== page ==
A woman from a civil society group gives a small Afghanistan
flag to an Afghan National Army soldier at the area where the Loya Jirga, or grand council, is holding a committee session in Kabul
Major General Dean Milner is responsible for the NATO training of Afghan security forces. He was the leader of Canada's combat mission in Kandahar three years back in 2010-11. He reacted to a recent claim by former journalist Graeme Smith from the Globe and Mail that Canada left a 'mess' in Afghanistan. Maj Gen Milner has said that the claims are untrue.
When Canada went to Kandahar, schools got blown up, Mr Milner said. On the contrary, those schools are in a running condition now and about 10 million children are getting educated, he informed. Canada has been instrumental in building up classrooms which are educating girls even though the Taliban are totally against it. Canada has also made it possible for millions of children getting vaccinated. Mr Milner informed that there is plenty of food in Afghanistan now.
Mr Milner may have known Afghanistan as a country more than any other soldier from the coalition army. His conviction that the country has significantly improved comes from what he has seen. He said that the Taliban were not allowed to grow strong in the country. Even though the Taliban do attack off and on, the Afghan National Police, along with the Afghan National Army, have managed to control the highways, he said.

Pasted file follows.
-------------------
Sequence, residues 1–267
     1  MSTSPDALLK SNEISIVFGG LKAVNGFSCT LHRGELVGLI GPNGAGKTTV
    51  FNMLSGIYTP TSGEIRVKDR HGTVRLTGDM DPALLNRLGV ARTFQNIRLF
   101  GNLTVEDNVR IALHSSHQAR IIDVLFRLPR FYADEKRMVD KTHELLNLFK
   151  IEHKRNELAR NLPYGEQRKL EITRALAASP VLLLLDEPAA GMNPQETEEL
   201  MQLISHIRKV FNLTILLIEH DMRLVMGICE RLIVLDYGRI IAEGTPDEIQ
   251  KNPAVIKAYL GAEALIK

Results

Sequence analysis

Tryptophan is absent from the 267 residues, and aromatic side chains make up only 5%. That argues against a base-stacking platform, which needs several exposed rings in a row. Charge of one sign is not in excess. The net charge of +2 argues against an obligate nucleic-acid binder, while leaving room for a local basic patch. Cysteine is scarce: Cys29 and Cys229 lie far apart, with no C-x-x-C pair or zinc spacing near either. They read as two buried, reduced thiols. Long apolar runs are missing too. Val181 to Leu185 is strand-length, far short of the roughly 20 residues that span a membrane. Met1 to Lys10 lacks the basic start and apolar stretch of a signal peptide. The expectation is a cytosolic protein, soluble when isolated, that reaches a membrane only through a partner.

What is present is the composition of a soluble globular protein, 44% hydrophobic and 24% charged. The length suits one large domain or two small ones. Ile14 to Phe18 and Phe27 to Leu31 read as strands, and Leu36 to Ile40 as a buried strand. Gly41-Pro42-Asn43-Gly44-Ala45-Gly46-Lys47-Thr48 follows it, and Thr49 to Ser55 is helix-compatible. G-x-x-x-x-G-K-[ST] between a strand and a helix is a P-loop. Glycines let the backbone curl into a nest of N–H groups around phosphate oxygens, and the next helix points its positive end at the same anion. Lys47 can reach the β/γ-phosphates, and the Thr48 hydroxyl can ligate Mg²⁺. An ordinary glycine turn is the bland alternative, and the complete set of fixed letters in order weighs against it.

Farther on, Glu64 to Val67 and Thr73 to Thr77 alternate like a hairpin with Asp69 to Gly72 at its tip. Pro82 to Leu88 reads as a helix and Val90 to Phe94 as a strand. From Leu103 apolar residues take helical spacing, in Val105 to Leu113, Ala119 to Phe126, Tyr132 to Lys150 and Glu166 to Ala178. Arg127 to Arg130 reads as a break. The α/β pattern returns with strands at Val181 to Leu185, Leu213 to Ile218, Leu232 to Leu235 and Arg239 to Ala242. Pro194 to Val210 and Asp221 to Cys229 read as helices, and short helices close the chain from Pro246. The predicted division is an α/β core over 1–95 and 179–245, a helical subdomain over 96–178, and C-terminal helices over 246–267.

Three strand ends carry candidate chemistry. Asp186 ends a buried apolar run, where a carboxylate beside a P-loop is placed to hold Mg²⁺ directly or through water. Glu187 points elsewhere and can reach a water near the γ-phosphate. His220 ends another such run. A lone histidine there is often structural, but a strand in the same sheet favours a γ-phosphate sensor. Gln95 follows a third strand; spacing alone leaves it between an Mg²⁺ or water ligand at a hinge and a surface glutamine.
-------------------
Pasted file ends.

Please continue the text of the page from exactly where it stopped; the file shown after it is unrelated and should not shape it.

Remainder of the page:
Mr Milner also said that the north part of Afghanistan was comparatively quieter than the rest of it. There is just a single attack in Kabul in the past 120 days, he informed. Although some fighting is still going on in Kandahaar, Canada helped Afghanistan 'hold the fort'.
The Taliban have regularly threatened to close the schools. They have also demanded money persistently. The Afghans reacted to it in Panjwali and fought the insurgents in 2012. This has been an inspiration in the entire country now. According to Mr Milner, the Afghan National Army is fighting against the Taliban under the leadership of General Ahmed Habibi with just a few foreign advisers. They have become independent, and Canadians helped them become so, he said.
To contact the editor, e-mail: